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Odd Man Out (1947)

Not Rated | | Crime, Drama, Film-Noir | 23 April 1947 (USA)
A wounded Irish nationalist leader attempts to evade police following a failed robbery in Belfast.

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(by), (screenplay) | 1 more credit »
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Nominated for 1 Oscar. Another 2 wins & 1 nomination. See more awards »

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Cast

Cast overview, first billed only:
... Johnny McQueen
... Lukey
... Pat
F.J. McCormick ... Shell
... Fencie
... Rosie
Denis O'Dea ... Inspector
W.G. Fay ... Father Tom
Maureen Delaney ... Theresa O'Brien
Elwyn Brook-Jones ... Tober
... Dennis
... Nolan
Kitty Kirwan ... Grannie
Beryl Measor ... Maudie
Roy Irving ... Murphy
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Storyline

Johnny McQueen, leader of a clandestine Irish organization, has been hiding in the house of Kathleen and her mother, planning a hold-up that will provide his group with the funds needed to continue its activities. During the hold-up, things go sour: Johnny is wounded, cannot make it back to the hideout, and disappears in the back-alleys of Belfast. Immediately, a large-scale man-hunt is launched, and the city is tightly covered by the constabulary, whose chief is intent on capturing Johnny and the other members of the gang. Kathleen sets out in search of Johnny. Written by Eduardo Casais <eduardo.casais@research.nokia.com>

Plot Summary | Plot Synopsis

Taglines:

An adventure in unbearable suspense !


Certificate:

Not Rated | See all certifications »
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Details

Country:

Language:

Release Date:

23 April 1947 (USA)  »

Also Known As:

Gang War  »

Company Credits

Production Co:

 »
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Technical Specs

Runtime:

Sound Mix:

(Western Electric Recording)

Aspect Ratio:

1.37 : 1
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Did You Know?

Trivia

Is referenced to several times in the Harold Pinter play, "Old Times"(1971). See more »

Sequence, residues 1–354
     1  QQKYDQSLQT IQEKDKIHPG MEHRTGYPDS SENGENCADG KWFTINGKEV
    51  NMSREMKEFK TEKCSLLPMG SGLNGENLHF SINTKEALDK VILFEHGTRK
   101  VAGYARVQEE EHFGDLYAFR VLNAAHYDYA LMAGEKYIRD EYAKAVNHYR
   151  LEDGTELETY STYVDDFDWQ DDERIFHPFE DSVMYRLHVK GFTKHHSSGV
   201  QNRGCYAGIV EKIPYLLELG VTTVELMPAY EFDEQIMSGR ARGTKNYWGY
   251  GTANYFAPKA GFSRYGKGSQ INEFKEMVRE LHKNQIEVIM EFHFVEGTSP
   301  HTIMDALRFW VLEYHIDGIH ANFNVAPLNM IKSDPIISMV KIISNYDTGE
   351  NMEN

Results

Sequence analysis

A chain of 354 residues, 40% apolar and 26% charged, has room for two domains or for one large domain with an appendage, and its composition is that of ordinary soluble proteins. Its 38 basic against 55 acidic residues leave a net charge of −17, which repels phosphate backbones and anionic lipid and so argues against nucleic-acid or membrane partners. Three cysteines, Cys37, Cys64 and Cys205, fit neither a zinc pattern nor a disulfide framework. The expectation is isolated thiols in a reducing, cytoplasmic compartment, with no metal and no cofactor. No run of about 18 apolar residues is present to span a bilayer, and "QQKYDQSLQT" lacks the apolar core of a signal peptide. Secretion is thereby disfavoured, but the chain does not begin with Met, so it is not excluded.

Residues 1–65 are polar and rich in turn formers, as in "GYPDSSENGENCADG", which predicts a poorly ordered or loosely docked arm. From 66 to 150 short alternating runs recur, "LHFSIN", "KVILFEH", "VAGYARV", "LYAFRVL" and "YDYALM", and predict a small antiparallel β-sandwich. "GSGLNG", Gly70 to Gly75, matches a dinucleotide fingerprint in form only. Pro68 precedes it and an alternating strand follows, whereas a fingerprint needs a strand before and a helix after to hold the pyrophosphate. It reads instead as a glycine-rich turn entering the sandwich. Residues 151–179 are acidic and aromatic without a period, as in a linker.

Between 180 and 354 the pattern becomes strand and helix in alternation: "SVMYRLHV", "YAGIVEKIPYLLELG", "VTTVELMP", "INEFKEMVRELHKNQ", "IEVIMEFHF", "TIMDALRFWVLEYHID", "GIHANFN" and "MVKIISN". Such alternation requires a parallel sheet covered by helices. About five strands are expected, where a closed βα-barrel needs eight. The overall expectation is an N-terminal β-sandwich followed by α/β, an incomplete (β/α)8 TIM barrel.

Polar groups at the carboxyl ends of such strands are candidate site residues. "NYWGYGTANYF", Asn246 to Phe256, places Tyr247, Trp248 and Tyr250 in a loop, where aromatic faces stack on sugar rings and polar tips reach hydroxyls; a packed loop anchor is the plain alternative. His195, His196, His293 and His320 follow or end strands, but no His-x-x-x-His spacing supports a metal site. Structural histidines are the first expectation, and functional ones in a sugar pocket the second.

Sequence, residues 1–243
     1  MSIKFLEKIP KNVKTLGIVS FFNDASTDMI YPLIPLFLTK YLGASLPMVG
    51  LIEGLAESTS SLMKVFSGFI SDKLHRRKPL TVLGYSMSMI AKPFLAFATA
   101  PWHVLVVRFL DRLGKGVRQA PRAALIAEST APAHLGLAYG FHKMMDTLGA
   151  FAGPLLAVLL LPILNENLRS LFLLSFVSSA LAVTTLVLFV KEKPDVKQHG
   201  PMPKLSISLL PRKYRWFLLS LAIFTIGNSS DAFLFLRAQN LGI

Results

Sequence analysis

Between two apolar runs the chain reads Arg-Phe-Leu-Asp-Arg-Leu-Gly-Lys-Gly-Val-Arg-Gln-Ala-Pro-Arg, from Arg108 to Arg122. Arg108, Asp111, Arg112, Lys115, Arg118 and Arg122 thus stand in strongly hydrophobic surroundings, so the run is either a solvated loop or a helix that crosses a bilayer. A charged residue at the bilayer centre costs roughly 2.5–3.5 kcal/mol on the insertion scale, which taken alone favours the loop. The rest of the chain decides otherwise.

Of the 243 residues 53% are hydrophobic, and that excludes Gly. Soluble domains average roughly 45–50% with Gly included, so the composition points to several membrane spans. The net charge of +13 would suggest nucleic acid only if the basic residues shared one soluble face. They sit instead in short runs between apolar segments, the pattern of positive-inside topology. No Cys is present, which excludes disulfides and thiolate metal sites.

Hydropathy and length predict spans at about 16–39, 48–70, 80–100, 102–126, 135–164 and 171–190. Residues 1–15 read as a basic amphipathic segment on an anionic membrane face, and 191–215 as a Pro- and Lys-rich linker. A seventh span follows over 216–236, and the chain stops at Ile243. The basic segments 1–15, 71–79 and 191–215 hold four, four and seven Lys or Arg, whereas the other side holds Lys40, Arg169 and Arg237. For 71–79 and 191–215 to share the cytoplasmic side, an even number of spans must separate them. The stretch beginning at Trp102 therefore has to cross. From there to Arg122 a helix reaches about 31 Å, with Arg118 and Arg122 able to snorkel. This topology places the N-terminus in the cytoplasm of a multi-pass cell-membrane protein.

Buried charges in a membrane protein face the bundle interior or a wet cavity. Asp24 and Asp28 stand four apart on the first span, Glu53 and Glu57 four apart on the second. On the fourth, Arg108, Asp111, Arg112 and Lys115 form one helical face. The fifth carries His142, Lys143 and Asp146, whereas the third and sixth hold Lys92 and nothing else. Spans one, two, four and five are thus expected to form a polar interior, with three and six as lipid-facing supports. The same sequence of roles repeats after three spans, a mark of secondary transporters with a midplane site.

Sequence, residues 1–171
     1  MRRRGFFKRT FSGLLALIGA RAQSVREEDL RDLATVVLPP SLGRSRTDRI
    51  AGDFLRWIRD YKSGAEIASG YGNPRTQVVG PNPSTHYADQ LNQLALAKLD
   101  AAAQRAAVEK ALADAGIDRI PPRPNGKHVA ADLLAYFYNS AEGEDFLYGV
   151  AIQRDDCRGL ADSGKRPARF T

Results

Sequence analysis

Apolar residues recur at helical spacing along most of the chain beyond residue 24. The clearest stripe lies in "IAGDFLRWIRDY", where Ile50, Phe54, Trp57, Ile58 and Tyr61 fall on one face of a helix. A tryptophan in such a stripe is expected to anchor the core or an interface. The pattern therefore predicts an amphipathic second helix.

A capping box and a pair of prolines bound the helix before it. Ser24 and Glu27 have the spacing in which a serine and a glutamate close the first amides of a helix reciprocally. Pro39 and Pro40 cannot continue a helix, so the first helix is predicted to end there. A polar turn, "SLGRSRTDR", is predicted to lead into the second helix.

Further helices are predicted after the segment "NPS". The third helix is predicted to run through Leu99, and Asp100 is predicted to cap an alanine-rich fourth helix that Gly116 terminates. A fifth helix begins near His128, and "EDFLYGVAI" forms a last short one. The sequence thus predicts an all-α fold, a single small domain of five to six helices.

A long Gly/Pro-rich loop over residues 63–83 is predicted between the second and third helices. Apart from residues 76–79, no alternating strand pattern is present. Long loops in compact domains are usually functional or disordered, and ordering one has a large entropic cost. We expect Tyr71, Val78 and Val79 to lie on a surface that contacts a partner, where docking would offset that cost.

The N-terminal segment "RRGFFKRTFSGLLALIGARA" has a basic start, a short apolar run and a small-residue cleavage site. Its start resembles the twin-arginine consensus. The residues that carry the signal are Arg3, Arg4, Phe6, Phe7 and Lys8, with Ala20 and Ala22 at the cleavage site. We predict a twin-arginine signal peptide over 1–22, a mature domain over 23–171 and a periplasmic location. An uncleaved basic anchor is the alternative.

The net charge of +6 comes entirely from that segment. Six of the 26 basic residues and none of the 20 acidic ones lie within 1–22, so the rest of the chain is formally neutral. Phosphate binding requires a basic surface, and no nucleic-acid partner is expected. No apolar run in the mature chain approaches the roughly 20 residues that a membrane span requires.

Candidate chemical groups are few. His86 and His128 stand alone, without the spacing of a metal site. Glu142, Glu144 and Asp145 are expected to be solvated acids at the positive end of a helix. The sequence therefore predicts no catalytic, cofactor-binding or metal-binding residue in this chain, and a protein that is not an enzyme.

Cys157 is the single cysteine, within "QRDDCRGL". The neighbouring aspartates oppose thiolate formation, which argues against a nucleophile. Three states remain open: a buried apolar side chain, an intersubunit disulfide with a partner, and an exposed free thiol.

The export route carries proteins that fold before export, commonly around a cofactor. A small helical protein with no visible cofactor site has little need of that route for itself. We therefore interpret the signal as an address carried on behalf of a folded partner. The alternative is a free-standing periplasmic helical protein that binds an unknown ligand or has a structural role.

Goofs

When Johnny's three friends are fleeing the police, they run into a little square with a grocer's shop. The shop and the windows above it are lit up. As they run past it, a blind in the left-hand upper window is pulled down. Later, when Dennis tries to draw the police away from Johnny, he runs past the same shop. It can be seen that the blind is now back up again. See more »

Quotes

Inspector: In my profession there is neither good nor bad. There is innocence and guilt. That's all.
See more »

Crazy Credits

Opening credits prologue: This story is told against a background of political unrest in a city of Northern Ireland.

It is not concerned with the struggle between the law and an illegal organisation, but only with the conflict in the hearts of the people when they become unexpectedly involved. See more »

Connections

Referenced in The Wonder Years: Odd Man Out (1989) See more »

Soundtracks

Symphony No. 8 (Unfinished)
(uncredited)
Music by Franz Schubert
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Frequently Asked Questions

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User Reviews

Kafkaesque allegory about the limits of man's compassion
25 August 2003 | by See all my reviews

It is the winter of 1946-47. Johnny McQueen (James Mason) is a revered leader of the Irish Republican Army in Belfast, Northern Ireland. Recently escaped from prison, he plans to rob a mill to provide funds for the organization though his colleagues urge him not to be involved. Awarded Best British Film at the British Academy Awards and nominated for an Oscar for Best Editing, Odd Man Out, directed by Carol Reed (The Third Man), is the story of a botched robbery that leads to murder and the attempt of a seriously wounded man to elude capture. Pursued by "The Inspector" (Dennis O'Dea), Johnny is helped by Kathleen Sullivan (Kathleen Ryan), a young IRA woman who loves him and tries to smuggle him out of the city. He wanders helplessly in the dark streets and alleys of Belfast, buffeted by rain and snow, living in cellars with derelicts, constantly exposed to danger, looking more like a walking zombie than a revolutionary. The tone of the film is dark and Kafkaesque with its thin line between reality and nightmare.

Johnny is one of Mason's best roles especially during the early part of the film but he is submerged in the second half by a string of exaggerated supporting characters that include a demented painter Lukey (Robert Newton) who wants to paint his death mask, a priest (W.G. Fay) who wants to save his soul, sisters Rosie and Maudie (Fay Compton and Beryl Measor) who give him shelter but force him out, and con man Shell (F.J. McCormick) who wants to use him to make money. Odd Man Out is not a political film or even a suspense thriller but a surreal allegory of the limits of man's compassion. When Lukey looks at Johnny and says, "I understand what I see in him. The truth about us all", we can see ourselves -- running for our life, scared and alone, awaiting the encroaching night.


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